Same-sex marriage bill faces unexpected holdup
Opponents have chance to mobilize if vote lingers into weekend
ANNAPOLIS A gay-marriage bill, which was expected to be sure thing in Maryland's House of Delegates, suddenly has a questionable future, as members wait to cast a committee vote.
Tied up in the House Judiciary Committee since Tuesday, observers say the longer the bill waits, the slimmer its chance of passage.
"If you're a proponent of the bill, you certainly don't feel as confident as you did a week ago," said Todd E. Eberly, a political science professor at St. Mary's College of Maryland.
The Civil Marriage Protection Act, passed by a slim margin in the Senate last week, began its path to uncertainty Tuesday, when two delegates failed to show up for a morning voting session on the House version of the bill.
Dels. Jill P. Carter (D-Dist. 43) and Tiffany T. Alston (D-Dist. 24) of Mitchellville were absent from the session.
According to media reports, Carter's absence was an attempt to gain leverage for school funding for Baltimore city, while the next day Alston explained her reason for missing the meeting.
Alston said that although she personally supports same-sex marriage and is a bill co-sponsor, she wanted more time to address constituents' concerns.
Some delegates signed onto the legislation because they thought it would not clear the Senate, Eberly said. When Senate passage became a possibility, they got scared, he said.
"You've got this pure silliness going on as people are facing the reality of casting a tough vote," Eberly said.
Judiciary chairman Joseph F. Vallario Jr. (D-Dist. 27A) of Upper Marlboro had yet to call for a vote as of press time Thursday and said it is unlikely delegates would cast ballots before Friday.
If no vote occurs before the weekend, the bill could be in trouble, as religious leaders are afforded extra time to lobby delegates in their congregation, Eberly said.
Del. Curtis S. Anderson (D-Dist. 43) of Baltimore, another co-sponsor, said if the legislation didn't get a vote by Thursday, reporters could begin writing its obituary, noting the lobbying efforts delegates would face at church.
"If the bill is not voted on tomorrow, then I think everybody's got to rethink the priorities," he said Wednesday.
A version of same-sex marriage legislation has been introduced in the General Assembly since the 2008 session.
Passage would make Maryland the sixth state to legalize gay marriage. Last year, an opinion by Attorney General Douglas F. Gansler (D) said Maryland would recognize same-sex marriages performed in other jurisdictions, including Washington, D.C.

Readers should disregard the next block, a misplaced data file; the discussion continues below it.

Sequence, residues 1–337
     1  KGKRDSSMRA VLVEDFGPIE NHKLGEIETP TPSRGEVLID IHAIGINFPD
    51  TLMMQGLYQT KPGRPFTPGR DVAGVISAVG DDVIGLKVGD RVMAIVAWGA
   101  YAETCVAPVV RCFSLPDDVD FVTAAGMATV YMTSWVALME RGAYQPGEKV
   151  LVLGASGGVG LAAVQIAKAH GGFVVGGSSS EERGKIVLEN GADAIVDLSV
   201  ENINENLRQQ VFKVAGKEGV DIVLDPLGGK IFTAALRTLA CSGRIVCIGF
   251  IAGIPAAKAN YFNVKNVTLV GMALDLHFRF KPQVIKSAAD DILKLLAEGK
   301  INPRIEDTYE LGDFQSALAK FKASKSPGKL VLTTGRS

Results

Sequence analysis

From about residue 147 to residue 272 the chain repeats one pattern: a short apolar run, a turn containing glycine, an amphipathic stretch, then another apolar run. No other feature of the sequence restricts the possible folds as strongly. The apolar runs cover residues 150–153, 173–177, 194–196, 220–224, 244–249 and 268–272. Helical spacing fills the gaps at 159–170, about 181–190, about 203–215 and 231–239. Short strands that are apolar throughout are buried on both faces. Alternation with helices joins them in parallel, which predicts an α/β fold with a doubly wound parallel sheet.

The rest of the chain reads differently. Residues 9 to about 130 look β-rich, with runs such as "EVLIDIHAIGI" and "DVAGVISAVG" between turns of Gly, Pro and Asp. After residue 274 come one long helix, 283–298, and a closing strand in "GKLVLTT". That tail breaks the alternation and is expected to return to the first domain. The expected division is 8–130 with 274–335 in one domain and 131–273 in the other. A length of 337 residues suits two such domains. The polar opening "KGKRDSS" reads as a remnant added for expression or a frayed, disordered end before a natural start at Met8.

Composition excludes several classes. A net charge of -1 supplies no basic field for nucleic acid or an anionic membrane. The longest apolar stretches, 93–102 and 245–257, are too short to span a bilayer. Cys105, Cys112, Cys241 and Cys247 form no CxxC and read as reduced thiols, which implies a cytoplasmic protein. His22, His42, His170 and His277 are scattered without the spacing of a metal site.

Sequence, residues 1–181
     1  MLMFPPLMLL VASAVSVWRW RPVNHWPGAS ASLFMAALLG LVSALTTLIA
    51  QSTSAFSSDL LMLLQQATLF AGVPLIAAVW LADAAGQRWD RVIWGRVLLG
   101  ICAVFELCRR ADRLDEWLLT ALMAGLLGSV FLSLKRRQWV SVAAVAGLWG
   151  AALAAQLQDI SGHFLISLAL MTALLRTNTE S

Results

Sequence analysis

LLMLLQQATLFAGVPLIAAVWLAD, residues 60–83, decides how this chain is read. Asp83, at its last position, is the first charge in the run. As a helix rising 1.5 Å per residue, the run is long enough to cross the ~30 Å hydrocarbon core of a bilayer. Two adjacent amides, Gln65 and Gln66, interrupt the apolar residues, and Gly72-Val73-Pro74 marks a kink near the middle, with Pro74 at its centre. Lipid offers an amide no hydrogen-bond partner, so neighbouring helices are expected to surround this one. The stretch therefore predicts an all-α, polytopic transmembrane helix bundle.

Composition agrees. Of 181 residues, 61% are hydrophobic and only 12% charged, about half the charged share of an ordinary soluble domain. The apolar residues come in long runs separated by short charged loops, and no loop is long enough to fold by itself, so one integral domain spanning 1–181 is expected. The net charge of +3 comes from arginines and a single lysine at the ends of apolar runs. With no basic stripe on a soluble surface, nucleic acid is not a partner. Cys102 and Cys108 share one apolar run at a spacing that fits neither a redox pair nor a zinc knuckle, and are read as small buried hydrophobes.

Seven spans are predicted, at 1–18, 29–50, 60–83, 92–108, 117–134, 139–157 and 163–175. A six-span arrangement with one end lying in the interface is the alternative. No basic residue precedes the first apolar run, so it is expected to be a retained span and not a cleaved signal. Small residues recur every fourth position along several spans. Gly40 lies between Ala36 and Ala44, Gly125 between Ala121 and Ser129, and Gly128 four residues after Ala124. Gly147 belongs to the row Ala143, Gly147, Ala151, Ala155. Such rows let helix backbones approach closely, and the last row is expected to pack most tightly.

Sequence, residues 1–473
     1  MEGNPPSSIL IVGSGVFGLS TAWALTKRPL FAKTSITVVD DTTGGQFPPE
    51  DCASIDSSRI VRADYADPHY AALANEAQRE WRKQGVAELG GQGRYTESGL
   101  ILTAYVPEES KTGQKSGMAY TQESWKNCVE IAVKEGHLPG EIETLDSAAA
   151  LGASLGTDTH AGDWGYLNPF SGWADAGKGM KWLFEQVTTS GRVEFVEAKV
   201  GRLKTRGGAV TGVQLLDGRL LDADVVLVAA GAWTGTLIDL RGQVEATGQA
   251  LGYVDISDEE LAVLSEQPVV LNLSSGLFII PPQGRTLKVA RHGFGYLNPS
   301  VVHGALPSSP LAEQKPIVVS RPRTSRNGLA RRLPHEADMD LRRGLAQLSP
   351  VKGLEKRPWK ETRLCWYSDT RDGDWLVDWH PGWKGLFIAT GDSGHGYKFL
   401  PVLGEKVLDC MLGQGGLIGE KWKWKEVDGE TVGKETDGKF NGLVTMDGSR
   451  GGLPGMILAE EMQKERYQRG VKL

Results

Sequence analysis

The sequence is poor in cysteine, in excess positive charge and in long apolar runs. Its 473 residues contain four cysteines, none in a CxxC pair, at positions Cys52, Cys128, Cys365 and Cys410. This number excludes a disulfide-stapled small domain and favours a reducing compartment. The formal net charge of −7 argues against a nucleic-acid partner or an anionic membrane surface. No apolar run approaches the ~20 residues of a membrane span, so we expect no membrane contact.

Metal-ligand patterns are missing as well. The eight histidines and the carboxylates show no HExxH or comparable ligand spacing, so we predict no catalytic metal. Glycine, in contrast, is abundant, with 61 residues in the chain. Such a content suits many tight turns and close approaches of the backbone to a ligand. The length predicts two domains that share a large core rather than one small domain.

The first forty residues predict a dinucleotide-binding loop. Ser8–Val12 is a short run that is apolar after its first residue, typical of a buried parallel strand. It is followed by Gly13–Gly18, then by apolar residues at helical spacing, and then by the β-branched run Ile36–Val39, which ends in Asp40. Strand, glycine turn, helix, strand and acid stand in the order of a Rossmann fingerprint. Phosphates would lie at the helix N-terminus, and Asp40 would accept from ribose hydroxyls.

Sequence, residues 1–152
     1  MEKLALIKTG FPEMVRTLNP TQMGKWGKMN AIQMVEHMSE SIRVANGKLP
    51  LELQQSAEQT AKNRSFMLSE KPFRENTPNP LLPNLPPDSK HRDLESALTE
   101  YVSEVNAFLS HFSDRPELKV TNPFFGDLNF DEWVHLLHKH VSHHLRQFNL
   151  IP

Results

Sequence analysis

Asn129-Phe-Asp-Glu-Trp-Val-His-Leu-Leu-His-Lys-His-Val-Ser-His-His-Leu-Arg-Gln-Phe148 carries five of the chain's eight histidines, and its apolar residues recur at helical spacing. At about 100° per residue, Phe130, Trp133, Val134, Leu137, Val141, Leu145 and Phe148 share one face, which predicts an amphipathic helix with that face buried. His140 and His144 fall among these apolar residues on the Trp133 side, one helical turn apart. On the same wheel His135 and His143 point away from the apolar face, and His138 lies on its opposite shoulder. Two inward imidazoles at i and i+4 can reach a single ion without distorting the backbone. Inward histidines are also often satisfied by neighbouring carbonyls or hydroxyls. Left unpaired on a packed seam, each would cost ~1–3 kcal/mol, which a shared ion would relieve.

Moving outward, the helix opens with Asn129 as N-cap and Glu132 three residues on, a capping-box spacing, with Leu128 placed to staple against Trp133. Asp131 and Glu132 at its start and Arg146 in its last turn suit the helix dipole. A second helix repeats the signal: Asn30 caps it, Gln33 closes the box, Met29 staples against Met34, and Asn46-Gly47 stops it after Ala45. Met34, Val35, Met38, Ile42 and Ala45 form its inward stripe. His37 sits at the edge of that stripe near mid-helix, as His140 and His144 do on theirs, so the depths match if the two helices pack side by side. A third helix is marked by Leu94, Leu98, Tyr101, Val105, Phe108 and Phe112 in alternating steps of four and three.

Carter and Alston were not ready to vote because they needed more time to mull the issue, Anderson said.
"This is hard. This is hard for a lot of people to do," he said. "And so taking a little extra time never hurt. That's why I can't be critical of the delegates involved. They just wanted a little more time to do it. They didn't want to feel rushed, and I can't argue with that."
Speeding the measure through the legislature was a way to deter mobilization by opponents and guarantee passage, said Mary Ellen Russell, executive director of the Maryland Catholic Conference. She also thinks legislators sitting on the fence are being bullied into voting for the measure.
"I don't think they've got the votes in committee or on the floor without twisting arms," she said.
Last week, bill sponsor Kumar P. Barve (D-Dist. 17) of Gaithersburg said he is confident he has the votes to pass the measure on the floor. The bill, which needs 71 votes to pass, has 59 sponsors, although one, Del. Melvin L. Stukes (D-Dist. 44) of Baltimore, has said he will no longer support the measure. After this week's developments, the support of other sponsors might be in jeopardy as well.
Donald H. Dwyer Jr. (R-Dist. 31) of Glen Burnie, a conservative Republican who last week appeared more focused on a referendum effort should the House pass the bill, praised Alston and Carter.
"They were looking for a way to leverage legislation for their area, and they used a tremendous piece of legislation to do it with," Dwyer said. "Unfortunately, it ends up being an issue that is very, very public in nature, and I think they're to be commended for it. They weren't secret about what they were doing about it. They specifically told the public what their intentions were and why they were doing it."
Dwyer and other Republicans on the committee have encouraged a voting session, knowing the measure would fail without Carter's and Alston's presence.
But the implications for delegates who have delayed the process could be dramatic, Eberly said.
He thinks voters and potential opponents will remember how delegates came down on the issue during the next three years and in the 2014 election. Also, General Assembly colleagues might distance themselves from those considered to be holding up the vote.
"There's some danger they face of people thinking their word is not their bond when they sponsor a bill," Eberly said.